Enlarge /. The President of the American Academy of Pediatrics, Dr. Sally Goza (center) attends a meeting with U.S. President Donald Trump, students, teachers, and administrators to discuss how schools can be safely reopened during the novel Coronavirus pandemic in the East Room of the White House on July 7, 2020 can in Washington, DC.
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The American Academy of Pediatrics clarified its stance on reopening the school as part of the COVID-19 pandemic after the Trump administration repeatedly used the academy's previous statement to pressure school systems to resume personal learning in the fall to record.
In a joint statement with three major educational organizations, the AAP emphasized that the reopening of the school should be determined by science and security – "not by politics". It also responded directly to President Trump's threat to withhold funds from schools that didn't reopen, calling the move a "misguided approach."
The point was repeated on Monday by Michael Ryan, an infectious disease expert at the World Health Organization, who pleaded with the countries not to make the reopening of the school a "further political football".
"The best and safest way to reopen schools is through low community transmission, which has been effectively suppressed by a broad, comprehensive strategy," said Ryan, Executive Director of the WHO Health Emergency Program, at a press conference.
While the role children play in the spread of COVID-19 is still poorly understood, Ryan found that schools are closely connected to communities. Countries cannot count on fighting the pandemic effectively by focusing on reopening school for a few weeks, then reopening work, then switching to health outbreaks, etc., he warned. That plays "blow to blow," said Ryan. Instead, countries should focus on comprehensive, long-term strategies that consider all contexts at the same time.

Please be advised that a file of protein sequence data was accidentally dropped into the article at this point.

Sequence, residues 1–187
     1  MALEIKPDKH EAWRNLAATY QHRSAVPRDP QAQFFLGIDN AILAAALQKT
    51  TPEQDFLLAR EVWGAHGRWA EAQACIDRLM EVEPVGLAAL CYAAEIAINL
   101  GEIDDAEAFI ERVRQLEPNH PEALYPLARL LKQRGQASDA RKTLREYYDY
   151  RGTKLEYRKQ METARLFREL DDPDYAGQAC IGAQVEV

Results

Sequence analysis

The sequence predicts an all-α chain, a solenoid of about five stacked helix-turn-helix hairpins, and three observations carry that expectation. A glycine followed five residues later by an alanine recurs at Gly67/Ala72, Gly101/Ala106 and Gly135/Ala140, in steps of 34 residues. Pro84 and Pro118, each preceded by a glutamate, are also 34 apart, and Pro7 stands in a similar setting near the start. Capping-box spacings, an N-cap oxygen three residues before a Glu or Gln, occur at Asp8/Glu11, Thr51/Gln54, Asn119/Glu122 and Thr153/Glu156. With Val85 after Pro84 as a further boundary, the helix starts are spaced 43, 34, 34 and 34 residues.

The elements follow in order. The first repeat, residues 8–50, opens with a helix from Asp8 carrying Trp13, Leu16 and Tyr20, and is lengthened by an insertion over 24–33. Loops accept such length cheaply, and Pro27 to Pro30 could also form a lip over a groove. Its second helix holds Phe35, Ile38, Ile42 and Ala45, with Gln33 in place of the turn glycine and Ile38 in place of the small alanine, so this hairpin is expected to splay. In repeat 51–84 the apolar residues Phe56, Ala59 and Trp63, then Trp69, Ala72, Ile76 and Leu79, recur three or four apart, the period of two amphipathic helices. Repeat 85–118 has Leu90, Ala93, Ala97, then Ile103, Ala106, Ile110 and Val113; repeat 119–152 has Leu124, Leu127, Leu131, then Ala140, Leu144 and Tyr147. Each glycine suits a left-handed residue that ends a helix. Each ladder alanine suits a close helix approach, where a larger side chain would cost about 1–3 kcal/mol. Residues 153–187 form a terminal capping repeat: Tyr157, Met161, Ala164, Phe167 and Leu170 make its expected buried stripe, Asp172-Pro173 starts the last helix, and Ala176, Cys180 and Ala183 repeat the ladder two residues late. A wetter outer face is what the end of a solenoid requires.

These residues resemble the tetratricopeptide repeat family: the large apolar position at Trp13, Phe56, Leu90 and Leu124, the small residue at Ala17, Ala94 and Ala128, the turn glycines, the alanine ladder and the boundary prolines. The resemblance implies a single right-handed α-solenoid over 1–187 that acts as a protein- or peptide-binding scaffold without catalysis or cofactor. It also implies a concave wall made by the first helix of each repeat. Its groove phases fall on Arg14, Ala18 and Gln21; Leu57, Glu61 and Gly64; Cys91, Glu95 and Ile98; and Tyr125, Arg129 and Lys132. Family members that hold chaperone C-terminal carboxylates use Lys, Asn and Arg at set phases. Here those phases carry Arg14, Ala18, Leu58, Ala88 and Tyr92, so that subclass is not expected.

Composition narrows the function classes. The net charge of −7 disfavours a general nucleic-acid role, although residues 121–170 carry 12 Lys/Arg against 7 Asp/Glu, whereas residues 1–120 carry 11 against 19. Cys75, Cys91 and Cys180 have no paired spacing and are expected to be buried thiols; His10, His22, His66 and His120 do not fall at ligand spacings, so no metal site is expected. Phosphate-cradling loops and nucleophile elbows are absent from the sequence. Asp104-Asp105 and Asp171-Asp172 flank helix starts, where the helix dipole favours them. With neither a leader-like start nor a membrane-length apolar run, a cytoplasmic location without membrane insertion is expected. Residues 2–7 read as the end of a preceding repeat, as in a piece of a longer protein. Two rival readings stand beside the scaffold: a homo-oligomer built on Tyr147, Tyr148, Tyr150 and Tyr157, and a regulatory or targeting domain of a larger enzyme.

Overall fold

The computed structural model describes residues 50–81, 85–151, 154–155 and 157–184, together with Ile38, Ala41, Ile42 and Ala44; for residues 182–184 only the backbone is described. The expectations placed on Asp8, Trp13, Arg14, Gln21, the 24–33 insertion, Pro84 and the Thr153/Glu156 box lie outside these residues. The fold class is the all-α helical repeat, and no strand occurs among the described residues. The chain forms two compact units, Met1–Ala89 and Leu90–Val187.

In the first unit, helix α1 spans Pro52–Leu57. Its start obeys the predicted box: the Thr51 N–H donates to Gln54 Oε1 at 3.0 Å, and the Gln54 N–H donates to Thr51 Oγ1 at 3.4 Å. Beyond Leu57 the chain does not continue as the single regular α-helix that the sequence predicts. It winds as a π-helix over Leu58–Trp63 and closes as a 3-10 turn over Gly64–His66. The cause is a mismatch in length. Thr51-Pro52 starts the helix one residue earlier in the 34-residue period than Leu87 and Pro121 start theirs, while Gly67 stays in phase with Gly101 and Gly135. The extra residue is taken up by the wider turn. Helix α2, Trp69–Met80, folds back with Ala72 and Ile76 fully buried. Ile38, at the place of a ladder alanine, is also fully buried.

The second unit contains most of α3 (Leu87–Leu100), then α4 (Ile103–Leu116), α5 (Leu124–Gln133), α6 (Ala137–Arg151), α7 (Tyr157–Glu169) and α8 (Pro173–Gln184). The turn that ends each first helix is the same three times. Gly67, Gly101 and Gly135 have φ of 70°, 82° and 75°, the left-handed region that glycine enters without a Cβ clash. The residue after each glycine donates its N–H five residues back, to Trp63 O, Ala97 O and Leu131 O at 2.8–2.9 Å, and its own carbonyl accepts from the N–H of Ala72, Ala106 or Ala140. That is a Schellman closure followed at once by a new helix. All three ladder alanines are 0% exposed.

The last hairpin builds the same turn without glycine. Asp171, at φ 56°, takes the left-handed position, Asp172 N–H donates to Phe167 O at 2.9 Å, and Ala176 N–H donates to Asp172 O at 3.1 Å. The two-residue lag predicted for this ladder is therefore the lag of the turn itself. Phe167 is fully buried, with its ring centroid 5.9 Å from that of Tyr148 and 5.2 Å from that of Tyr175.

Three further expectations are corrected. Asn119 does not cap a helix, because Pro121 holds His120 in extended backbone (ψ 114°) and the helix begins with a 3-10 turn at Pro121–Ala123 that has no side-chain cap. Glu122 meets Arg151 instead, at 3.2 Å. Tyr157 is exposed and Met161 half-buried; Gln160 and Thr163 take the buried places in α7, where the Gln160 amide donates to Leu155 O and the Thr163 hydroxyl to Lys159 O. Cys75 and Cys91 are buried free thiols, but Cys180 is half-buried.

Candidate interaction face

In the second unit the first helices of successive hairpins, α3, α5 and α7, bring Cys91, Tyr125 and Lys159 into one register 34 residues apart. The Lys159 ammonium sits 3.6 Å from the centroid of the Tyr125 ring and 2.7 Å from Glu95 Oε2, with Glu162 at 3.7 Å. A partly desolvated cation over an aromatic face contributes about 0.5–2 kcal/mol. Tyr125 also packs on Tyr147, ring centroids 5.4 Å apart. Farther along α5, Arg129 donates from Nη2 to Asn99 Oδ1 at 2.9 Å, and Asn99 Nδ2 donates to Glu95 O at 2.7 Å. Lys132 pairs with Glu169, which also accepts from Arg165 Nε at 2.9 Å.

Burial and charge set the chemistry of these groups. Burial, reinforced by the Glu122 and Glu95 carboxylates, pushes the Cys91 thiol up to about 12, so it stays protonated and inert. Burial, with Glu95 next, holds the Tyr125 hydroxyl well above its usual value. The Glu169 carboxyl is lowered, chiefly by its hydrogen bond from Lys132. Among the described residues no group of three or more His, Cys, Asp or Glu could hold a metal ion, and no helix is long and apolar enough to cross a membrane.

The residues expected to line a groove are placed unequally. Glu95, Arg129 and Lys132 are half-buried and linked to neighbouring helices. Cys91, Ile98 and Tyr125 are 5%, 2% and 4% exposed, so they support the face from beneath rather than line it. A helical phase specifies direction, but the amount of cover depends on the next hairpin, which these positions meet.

"We have to chew gum and run at the same time," he said. "And we have to make decisions based on the well-being of our children."
The Trump administration has been pushing for school reopening in recent days, although steady increases have been seen in some parts of the United States. Florida, for example, reported a record number of more than 15,000 cases on Sunday alone, the largest of all states since the pandemic began.
WHO Director General Tedros Adhanom Ghebreyesus warned the US and other countries about an increase on Monday. "It is getting worse and worse," he said, unless people followed basic precautions against disease spread. That means physical distancing, washing hands, wearing masks, cough medicine labels and staying at home when you are sick.
Still, the Trump administration has seen school reopening as the key to reviving the economy and increased pressure on states to open physical classrooms this fall ahead of the elections. In its rationale, the administration often cited the June AAP preliminary guidelines, "strongly advocating that all political considerations for the coming school year should begin with the students physically present in the school." The academy found that schools offer children many benefits, such as “social and emotional skills, safety, dependable nutrition, physical / linguistic and mental health therapy, and opportunities for physical activity, among other things,” that go beyond academic education.
However, the AAP has always said that any return should be safe and that more investment in education is needed – all of which are highlighted in the new statement released on Friday.
Together with the American Federation of Teachers (AFT), the National Education Association (NEA) and the AASA (School Superintendents Association), the AAP wrote: “Returning to school is important for the healthy development and well-being of children, but we must strive to reopen in a way that is safe for all students, teachers and staff. Science should drive decision-making for safe school reopening. Public health authorities have to make recommendations based on evidence, not politics. "
The groups called on Congress and administration to provide more resources for safe school reopening and warned that schools in areas with high prevalence in the COVID-19 community "should not be forced to reopen."